Spyda's Blog

A Hawaiian Style Fishing Blog

Browsing Posts tagged Bruddah Bill

I talk about the core group of guys that cut our Ulua fishing teeth together all those years ago quite often. After much mis-adventure which included what seemed to us anyway, an inordinate amount of missed opportunities to catch fish of our dreams we took comfort in making a little fun of ourselves. It certainly wasn’t for lack of strikes as we experienced a fair share of those. We just wern’t able to capitalize on many of them. At times it felt like we were cursed, that the fishing gods were determined to show us every possible way to lose a hooked fish.

A couple of clubs on Oahu at the time were Atlapac and the Pacific Casting Club, taking the “Pac” theme from those club names we decided to call ourselves the Zee Pac Casting Club. Never truly formalized as an official club it was basically just us making fun of our own misfortunes. Given the number of times we had experienced the dreaded strike (Zeeeee!) and resulting breaking of our lines (Pac!!) Zee Pac seemed an appropriate name for us.

Fast foward to the present, we recently re-united with one of the original Zee Pac members Keith and when Dean came to town we decided fishing together would be a good chance for us to really reconnect and reminisce about the early days of the Zee Pac.

After securing a spot where we could overnight without getting hassled the plan was in gear! Just like the old days a tent, our gear and a cooler of bevera….um….bait! We were ready once again for fishing adventure!!

Adventure……..well, three old farts humping fishing and camping gear over a couple of hundred yards of sand was, in its self, quite the adventure! More squeaks and groans then a 30 year old Yugo going over speed bumps in a K-Mart parking lot!

One thing we were always pretty good at was rigging up a mean tent! Well, the weather report was predicting 25mph gusts and a 50% chance of rain so, we had our work cut out for us! What the heck were we thinking?

After about an hour, there it was! The little three-man (more like three-munchkin) tent and a strong wind-break to protect it! See, we know what we doing! On to the fishing.

We had done some diving here before so knew there were a good amount of baitfish to be had. Of course there was also a week old frozen tako in the cooler too. Dean and I set off down the beach with our small spin outfits rigged with floater set ups. Soon we had some lively hinalea lauwili in our live bait bucket.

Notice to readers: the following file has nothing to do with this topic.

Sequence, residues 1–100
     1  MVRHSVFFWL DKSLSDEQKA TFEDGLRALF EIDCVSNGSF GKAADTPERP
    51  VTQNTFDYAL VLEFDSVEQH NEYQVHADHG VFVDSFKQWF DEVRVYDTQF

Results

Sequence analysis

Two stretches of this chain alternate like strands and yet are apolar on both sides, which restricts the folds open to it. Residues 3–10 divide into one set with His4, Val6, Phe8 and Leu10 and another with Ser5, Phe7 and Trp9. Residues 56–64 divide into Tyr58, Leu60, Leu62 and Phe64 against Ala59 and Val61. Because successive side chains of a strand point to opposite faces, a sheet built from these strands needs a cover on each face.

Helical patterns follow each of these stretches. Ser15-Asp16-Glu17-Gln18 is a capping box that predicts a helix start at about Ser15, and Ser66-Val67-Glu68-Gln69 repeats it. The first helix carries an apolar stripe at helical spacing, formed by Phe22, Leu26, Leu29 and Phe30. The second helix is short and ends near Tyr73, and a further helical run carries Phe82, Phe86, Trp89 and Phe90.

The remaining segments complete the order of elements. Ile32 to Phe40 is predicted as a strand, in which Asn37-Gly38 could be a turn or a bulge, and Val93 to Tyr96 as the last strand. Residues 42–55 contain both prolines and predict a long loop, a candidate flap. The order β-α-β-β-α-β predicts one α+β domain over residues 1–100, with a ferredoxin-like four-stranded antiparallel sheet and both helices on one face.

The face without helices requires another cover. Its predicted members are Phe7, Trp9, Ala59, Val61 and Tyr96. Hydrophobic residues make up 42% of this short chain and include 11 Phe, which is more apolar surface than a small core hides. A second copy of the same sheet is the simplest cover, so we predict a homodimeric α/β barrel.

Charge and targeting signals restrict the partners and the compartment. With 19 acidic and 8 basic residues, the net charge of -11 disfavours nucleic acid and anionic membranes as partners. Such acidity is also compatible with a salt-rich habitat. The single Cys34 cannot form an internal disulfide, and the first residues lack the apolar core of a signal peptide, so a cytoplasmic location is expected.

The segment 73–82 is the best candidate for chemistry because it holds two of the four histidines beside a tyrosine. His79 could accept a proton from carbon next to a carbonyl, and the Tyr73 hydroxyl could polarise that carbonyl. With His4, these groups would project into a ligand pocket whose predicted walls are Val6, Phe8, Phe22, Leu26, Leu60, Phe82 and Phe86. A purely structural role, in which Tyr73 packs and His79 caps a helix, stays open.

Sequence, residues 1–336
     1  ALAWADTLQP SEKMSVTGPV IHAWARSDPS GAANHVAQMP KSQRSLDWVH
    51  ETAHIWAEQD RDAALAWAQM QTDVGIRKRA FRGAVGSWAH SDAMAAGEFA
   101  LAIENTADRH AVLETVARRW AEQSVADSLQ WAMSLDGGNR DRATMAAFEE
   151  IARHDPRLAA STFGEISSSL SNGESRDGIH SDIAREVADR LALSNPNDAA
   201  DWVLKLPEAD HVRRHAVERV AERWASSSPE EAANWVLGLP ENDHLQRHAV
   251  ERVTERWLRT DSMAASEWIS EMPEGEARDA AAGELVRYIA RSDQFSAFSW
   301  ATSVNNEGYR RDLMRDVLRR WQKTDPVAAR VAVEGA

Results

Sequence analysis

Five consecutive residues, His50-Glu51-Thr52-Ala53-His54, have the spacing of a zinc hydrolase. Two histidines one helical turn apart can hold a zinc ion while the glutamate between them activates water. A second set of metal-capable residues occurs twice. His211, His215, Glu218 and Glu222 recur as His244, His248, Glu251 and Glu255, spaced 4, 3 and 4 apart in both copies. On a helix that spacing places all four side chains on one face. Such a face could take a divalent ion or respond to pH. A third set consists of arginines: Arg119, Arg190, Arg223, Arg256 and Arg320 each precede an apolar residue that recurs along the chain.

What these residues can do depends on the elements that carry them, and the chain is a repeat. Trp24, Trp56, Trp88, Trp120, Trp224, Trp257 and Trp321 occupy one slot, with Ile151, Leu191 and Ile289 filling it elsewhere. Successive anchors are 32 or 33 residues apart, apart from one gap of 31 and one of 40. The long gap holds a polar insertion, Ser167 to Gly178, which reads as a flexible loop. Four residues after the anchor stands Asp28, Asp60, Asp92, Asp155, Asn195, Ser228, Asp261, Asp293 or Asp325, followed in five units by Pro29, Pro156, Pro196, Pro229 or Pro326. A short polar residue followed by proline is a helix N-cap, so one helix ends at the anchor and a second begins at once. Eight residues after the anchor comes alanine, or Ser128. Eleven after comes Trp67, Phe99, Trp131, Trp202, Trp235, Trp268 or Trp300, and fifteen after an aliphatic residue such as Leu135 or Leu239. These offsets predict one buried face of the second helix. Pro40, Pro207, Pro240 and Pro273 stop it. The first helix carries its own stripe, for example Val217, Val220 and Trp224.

The low tide had swung its way through and the waves picked up a touch as the rise began. An 18 inch snowflake eel was the first to bite one of our live hinalea baits. We put it out of its misery and set it aside for later. If we were sliding it would be one bait, but, since we were baitcasting it would be three.

Late afternoon, Keiths new Nitro takes a solid strike, it doesn’t seem too big, but, takes a few good rips straight out then turns. Oh oh…..line’s hung up….can’t tell if it’s gone or not. It’s cold and windy, but, why not, Keiths first strike on his new rod, I strip down to my surfshorts and jump in the water. I follow the line out to where I can feel it stuck and pull carefully away from the obstruction, it’s free, but, the line is cut off…

Zee Pac!

Disappointed, naturally, but, encouraged by the strike early in the rise we all get busy working our poles!  My hinalea comes back strong and lively so I toss it back out to give it another go while I prep the snowflake eel. I cut the head off leaving about another 5 inches or so of the body attached. The fillets are left attached to the head, but, cut away from the spine which is left in place, cracked once or twice to release some smell and the entrails hang from the head also.

After dinner the tide is really moving now, time for the puhi! Being that we had to hump all our gear out to the spot all I brought was my Rainshadow baitcaster, a 1567F Rainshadow blank the good folks at 5O7S (5 Oceans 7 Seas) were nice enough to special order for me. A step down from the 1569F which is the heaviest they make, the 1567F still has impressive power and very light weight. My return to fishing with conventionals has admittedly been a little rough, too much spinner fishing may have taken me out of rhythm, so, lately I have been leaving the spinner home to force myself to work on my casting. It’s finally starting to work and I am casting with much more consistency and adequate distance. Didn’t bring the big stuff so had to search for a bigger hook among my baitcasting stuff. I find a pack of complimentary hooks from Bruddah Bill at Ewa Beach Buy & Sell, they look like about size 26 or 28. Perfect!!

I get a decent cast out and set the rod in the spike for the wait. I stop for a second to think back to years ago when I lost a 540 Sabre with a Black Marlin 6’o on it out to sea on a vicious strike, gotta tie the rod down. I find a strong two foot section of driftwood, tie my safety cord to it and bury it two feet deep in the sand. All set!

10:30pm just starting to fade off to sleep…..calang calang….zeeeEEEEEEEEEEEEEEEE!! I shine my light down the beach and the Rainshadow is bent way over pointing out to sea the safety cord is a tightrope!! I get there unclip the safety cord and pick up the rod. It’s pulling hard, but, feels manageable, it’s still taking line then stops I get a couple of pumps in then it goes again, then, gone…….